Retro Review

Insurrexion 2000 – Retro Review

Matthew Roberts goes back twenty years to one of WWF’s most memorable UK-based PPV’s, Insurrexion 2000.

With Takeover Blackpool II just around the corner, Matthew Roberts takes another trip in the TWM Time Machine™ to go back twenty years to a totally different kind of WWE UK event…

Twenty years or so ago the biggest events that the WWE would hold on these shores would be their (generally) bi-annual PPV events, exclusive to the UK.  Some shows were very good (see 1997’s One Night Only) , a lot were less so (take your pick).  On paper Insurrexion 2000 seems to have a great line-up (allowing for the usual UK shenanigans of course) but does it live up to the billing?

Well the mild disappointment comes right off the bat. 2 Cool against Perry Saturn and Dean Malenko sounds like it could be very good indeed but in the end has to settle for being a relatively entertaining opener.  This is largely because the focus of the match isn’t that it should be a good match but rather that it showcases the ongoing tensions between the Radicalz pairing of Saturn and Malenko.  This costs them the match and sees them go at it afterwards.  Still, a crowd pleasing win first up at least sets the scene for the evening. 

After a backstage segment with Mae Young and Kat, Vince McMahon comes out into the arena in order to sow a few seeds of intrigue into the evening’s main event.  And complain about his wife; but there you go.  The Rock is defending his WWE Title against Triple H AND Shane McMahon, but who does Vince want to win?  It seems as if as long as Rock loses Vince will be happy but where would his real allegiances lie? 

Kane against Bull Buchanan is standard house-show nothingness but at least is over quickly.  Road Dogg and Bradshaw is the same but at least has distractions at ringside in the form of Tori (who Bradshaw seems inclined to go after) and Ron Simmons.  It also has a pleasing result in my eyes when Road Dogg gets a fluke win. 

The less said about the Arm-Wrestling Challenge between The Kat (accompanied by Mae Young) and Terri Runnels (accompanied by the Fabulous Moolah) the better really, although it would be totally fair to say that seeing them arm wrestle is much preferable to seeing them attempt to wrestle.  Kat gets her top ripped off and we see absolutely nothing but this did allow the WWE to “warn” American fans that this release contained nudity when it hit home video there.  Yes, that was a warning, and in no way a desperate promotional tactic to shift units. 

The “Showkishi” and Rikishi versus The Dudley Boyz match is terrifying, mainly due to seeing Big Show dressed like his partner and whilst a decent old school tag team formula match, it does seem to exist purely to get to the post-match dance-off.  This is made possible by Edge & Christian, the fiends, doing a run in so everyone else can be friends.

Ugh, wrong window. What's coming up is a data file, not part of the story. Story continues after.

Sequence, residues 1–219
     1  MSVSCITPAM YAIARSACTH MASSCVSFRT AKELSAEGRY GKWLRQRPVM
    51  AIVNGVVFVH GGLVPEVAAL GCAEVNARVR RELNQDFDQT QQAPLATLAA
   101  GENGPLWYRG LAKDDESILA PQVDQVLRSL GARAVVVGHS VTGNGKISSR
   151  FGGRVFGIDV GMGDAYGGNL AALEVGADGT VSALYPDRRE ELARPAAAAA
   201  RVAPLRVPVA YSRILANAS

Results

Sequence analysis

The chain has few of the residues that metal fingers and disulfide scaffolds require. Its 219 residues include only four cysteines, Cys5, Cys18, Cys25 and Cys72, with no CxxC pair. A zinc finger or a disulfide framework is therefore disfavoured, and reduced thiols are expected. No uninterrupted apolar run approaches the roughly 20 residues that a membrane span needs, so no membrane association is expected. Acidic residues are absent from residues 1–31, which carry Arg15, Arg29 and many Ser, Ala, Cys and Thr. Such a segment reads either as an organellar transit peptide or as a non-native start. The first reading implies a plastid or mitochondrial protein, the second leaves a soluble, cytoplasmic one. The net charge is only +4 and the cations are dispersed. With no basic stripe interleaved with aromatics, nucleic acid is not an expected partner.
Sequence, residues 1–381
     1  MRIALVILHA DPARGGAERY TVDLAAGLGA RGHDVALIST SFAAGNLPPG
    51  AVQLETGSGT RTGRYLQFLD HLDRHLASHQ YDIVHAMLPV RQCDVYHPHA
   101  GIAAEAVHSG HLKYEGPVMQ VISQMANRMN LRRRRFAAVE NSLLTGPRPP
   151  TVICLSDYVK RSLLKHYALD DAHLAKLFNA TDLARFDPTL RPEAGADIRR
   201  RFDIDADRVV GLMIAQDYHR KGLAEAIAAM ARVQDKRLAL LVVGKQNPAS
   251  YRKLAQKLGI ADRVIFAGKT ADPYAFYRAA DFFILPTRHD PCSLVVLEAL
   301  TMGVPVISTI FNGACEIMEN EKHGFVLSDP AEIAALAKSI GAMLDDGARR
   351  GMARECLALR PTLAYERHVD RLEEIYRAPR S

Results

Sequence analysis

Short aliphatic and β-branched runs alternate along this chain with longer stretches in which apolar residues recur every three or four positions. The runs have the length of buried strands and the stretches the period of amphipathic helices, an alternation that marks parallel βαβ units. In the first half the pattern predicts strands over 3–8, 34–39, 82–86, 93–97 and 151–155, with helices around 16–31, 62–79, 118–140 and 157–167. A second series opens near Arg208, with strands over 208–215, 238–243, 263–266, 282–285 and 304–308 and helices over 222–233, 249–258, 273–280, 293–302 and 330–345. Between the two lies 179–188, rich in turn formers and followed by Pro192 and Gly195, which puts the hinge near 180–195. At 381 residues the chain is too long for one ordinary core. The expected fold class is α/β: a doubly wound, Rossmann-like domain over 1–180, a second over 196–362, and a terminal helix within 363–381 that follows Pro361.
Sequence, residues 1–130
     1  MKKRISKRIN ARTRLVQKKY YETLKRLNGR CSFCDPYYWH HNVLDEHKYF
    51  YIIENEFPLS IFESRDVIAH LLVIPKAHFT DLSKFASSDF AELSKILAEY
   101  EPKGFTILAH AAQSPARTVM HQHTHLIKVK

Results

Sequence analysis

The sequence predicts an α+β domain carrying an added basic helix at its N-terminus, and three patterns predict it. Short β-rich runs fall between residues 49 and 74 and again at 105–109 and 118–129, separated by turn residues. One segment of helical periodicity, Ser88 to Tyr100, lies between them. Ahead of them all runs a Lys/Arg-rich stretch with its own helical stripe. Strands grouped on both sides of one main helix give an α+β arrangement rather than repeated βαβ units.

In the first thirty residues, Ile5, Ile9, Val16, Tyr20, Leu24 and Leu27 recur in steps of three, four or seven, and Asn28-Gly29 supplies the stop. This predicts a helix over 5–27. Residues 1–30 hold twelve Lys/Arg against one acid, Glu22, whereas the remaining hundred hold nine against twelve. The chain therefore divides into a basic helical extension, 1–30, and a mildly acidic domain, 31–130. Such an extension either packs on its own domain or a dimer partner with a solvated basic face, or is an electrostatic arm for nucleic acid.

Kurt Angle against Chris Benoit is a match that on paper screams excellence.  Then you remember this is rookie Kurt Angle against a Chris Benoit visibly suffering from an eye injury.  Which might explain why it went all of six minutes.  This would have been a disappointment on TV so it’s certainly not welcome on a PPV.  Still, it’s better than a Hardcore Title match between Crash Holly & The British Bulldog, held entirely for the “Home favourite” pop.  Davey Boy was a shadow of his former self by this point, sadly. 

Edge & Christian defend their tag team titles against The Hardys next in another decent match that nevertheless is not a patch on what they could produce.  The intentional DQ finish doesn’t help either.  The European Title match between Eddie Guerrero (accompanied by Chyna) against Chris Jericho (who isn’t defending his IC Title here) is better but still a notch below what you might hope for from these two. 

And then it’s the main event, as The Rock defends his WWE Title against Triple H and Shane McMahon.  Anyone expectying this to end in anything other than Rock pinning Shane after an overbooked mess clearly hasn’t been paying attention to their history lessons but whilst it is exactly that there is no denying that there’s a lot of entertaining stuff going on and it’s fun to watch.  Almost what you would call an ideal house show main event. 

And therein lies the problem with this show.  Treated as a house show, it would be a fine night of action and almost leads me to think that I’ve been too harsh on portions of it during this review.  But given that you were expected to fork out on Sky Box Office for this show, there’s simply not enough to warrant a thumbs up in that context.  But anyone with a few hours to spare and who wants to see some mindless entertainment from 2000 WWE probably won’t feel too short-changed if they give it a watch today.

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